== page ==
The 5th PS2 Taiko game, released on December 2004. As the title suggests, this is the console game to introduce Go-Go Mode to the Taiko series, where choruses of songs light up with fire and extra points are handed out to the player. Doron Mode (invisible notes) was also introduced in this version, together with the Yam note. In fact, the theme song of Godaime sings about yam half the time too. Godaime is pretty vocal about the changes it made to the Taiko series.

Doron Mode can't be unlocked or selected normally, and can only be accessed through a secret code in the game involving setting a specific name to a new save file. This trick, and together with later game modifiers, is repeated for all later Taiko games released on PS2 and PSP. Only after Taiko DS1 was released do the game modifiers have standard unlocking methods and the ability to be selected freely.

~ Ending Movie variants ~
Muzukashii mode credits
Futsuu mode credits
Kantan mode credits

Monday, September 13, 2010

Boss Battle! Wii Selection

Boss battles are a part of Taiko no Tatsujin Wii 2, like in the DS Taiko game before that, brought over because of popularity.

Over the course of the storyline, Don and Katsu, together with their newly found friend Arumi-chan, will have to protect an ongoing festival from being under attack by a fun-hating mad scientist, Dr. Waruru, using the only way they know how, through the power of the Don Spirit! (basically by playing the taiko, the Don Spirit is evoked as power)

The rules are simple. You will play a song with the mecha opponent on the screen. The regular gauge is replaced with two life bars, one for you and one of the mecha. The objective is to lower the opponent's life gauge by playing well throughout the song avoid missing notes and hitting bomb notes, which lower your drum's life.

But the play is often disturbed by your opponent, who sometimes can try to distract the player by covering part of the screen, change the scrolling bar's speed, bomb notes, fight notes and so on. The boss battles can be played in one of three difficulty settings, Ama-guchi, Kara-guchi, and Geki-kara (with the third being the hardest).

If your life bar is longer than the opponents' when the song ends, you win!

Spoiler warning ahead.

Sunday, September 12, 2010

Taiko no Tatsujin DS: Touch de Dokodon! unlock guide

Taiko no Tatsujin: Atsumare! Matsuri da! Yondaime song list

Taiko no Tatsujin Atsumare Matsuri da Yondaime boxart

The 4th PS2 Taiko no Tatsujin game, released on July 2004, and is the first Taiko game to upgrade to the PS2-grade graphics engine (Namco System 256), even before the arcade did. As a result, the subsequent arcade releases of Taiko 7 and 8 use Yondaime's in-screen menus as their song list/menus layout format.

Yondaime set the trend for unlocking hidden material for the rest of the PS2 and the first two PSP games; the Don Point system. You're awarded a certain number of these points every time you clear a song or complete a minigame. The amount you get depends on the difficulty of the song and your performance. Go past a certain point total and something gets unlocked, whether it's a song, Taiko sound, or the Oni difficulty.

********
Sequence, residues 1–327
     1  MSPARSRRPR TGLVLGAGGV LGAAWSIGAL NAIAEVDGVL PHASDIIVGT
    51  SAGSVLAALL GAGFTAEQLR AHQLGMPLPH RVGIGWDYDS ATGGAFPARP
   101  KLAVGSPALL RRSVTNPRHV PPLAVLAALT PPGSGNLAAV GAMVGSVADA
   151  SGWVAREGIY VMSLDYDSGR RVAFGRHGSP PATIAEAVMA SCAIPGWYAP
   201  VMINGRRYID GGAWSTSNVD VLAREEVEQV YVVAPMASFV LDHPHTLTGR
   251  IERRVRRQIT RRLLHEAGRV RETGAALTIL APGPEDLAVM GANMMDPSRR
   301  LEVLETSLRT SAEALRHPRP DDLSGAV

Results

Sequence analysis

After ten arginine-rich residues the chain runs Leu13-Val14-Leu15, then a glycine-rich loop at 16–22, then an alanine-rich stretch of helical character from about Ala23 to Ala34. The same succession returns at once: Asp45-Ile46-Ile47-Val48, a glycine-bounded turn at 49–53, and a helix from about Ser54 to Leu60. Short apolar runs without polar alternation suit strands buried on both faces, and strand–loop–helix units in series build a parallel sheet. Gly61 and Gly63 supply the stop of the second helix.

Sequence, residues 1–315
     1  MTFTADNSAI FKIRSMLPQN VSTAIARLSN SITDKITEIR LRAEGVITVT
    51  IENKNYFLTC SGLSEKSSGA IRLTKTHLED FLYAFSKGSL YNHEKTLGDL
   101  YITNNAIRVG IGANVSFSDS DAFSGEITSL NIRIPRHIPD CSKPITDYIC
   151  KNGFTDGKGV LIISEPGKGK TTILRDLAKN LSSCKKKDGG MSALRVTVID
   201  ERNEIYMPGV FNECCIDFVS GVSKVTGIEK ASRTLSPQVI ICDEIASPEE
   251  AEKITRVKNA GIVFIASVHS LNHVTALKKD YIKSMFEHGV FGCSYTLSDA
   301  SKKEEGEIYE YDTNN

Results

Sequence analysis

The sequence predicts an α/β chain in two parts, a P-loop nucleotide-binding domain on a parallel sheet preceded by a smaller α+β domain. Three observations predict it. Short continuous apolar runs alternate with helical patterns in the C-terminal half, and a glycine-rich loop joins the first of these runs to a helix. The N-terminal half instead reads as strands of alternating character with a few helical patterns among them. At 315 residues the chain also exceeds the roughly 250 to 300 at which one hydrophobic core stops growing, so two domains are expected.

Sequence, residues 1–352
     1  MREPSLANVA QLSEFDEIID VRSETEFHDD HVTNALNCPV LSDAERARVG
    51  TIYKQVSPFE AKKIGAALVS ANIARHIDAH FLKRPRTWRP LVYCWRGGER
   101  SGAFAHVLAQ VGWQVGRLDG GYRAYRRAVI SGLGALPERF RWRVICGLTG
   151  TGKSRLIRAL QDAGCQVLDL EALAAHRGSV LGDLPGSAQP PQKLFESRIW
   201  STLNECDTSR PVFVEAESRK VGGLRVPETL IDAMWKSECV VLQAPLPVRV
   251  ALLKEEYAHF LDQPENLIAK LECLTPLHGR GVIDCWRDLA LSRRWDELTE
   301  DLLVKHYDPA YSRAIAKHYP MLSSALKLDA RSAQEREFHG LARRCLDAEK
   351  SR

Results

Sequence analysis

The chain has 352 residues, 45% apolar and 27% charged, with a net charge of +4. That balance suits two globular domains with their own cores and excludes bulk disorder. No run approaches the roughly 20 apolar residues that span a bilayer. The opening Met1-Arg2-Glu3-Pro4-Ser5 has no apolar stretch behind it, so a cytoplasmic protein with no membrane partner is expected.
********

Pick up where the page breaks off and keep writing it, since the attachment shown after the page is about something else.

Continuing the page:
The modes have also been overhauled. Instead of a two-song Arcade Mode, Survival Mode and Battle Mode, everything has been discarded and replaced with a Play Mode (Ensou Game, the main mode where you play everything), where you're allowed to play through the songs as much as you want without restriction (similar to the Free Mode from older PS2 Taiko games). Minigames still prevail through the makeover. Auto-Play also becomes an official modifier option, with Mekadon from Sandaime appearing on the top-left corner instead of Don-chan.

Just for this game and the next, difficulty stars in Kantan aren't regulated. There are actually 6* songs in Kantan in this version and in Taiko PS2 5. Of course, all 6* have been cut to 5* soon after.

~ Ending variants ~
Don-chan Sekai Ryoko (Muzukashii)
Don-chan Sekai Ryoko (Futsuu)
Don-chan Sekai Ryoko (Kantan)

Saturday, September 11, 2010

Hidden content rumors in Taiko 14


Game Music
・Make Inu Henjou (負け犬返上)  Released
KARMA(Tatsujin Mix) Released
・No Way Back (Ura)  Released

Namco Original
Mulberry Released
SORA-IV Bunpasong (SORA-Ⅳ ブンパソング)Released
Taiko Time (Ura) (タイコタイム(裏)) Released
Hikari no Kanata e (ヒカリノカナタヘ) Released
Hikari no Kanata e (Ura) (ヒカリノカナタヘ(裏)) Released
・Arumujika ac14.0V (アルムジカac14.0V)  Released
Shunyuu ~happy excursion~ (Ura) (春遊(裏)) Released
・Senpuu no Mai (Ura)  Released
Shimedore 2000 (〆ドレー2000)  Released

Revived Namco Originals
Kurofune Raikou (黒船来航) Released
・Hyakka Ryouran (百花繚乱)  Released
Karui Zawameki (軽いざわめき) Released
Go Go Kicchin (ゴーゴーキッチン) Released
Fuun! Bachi o Sensei (風雲!バチお先生)Released
Fuun! Bachi o Sensei (Ura) (風雲!バチお先生(裏)) Released

With the 6th 7th secret code out, everything in this list has been accounted for...save for one song. Mistake?

Thursday, September 9, 2010

Taiko no Tatsujin 14- Soroban 2000 Morse Code

Once more, the infamous Advanced Notes Morse Code messages for Soroban 2000 have invaded Taiko 14. They span all four difficulties. Being released today, no one's tried to decode it yet, but stay tuned for more updates! I'll add this to the Morse Code page as soon as I hear any results!

For the uninitiated, read up on what it all means here!

So, what's this then?

The enigmatic picture hidden in the folds of HTML code on the Taiko Team's blog a week ago. Now that all the new 10* songs have been revealed and recorded, we can safely confirm that none of them are the song shown in this picture. New 2000? Are you there?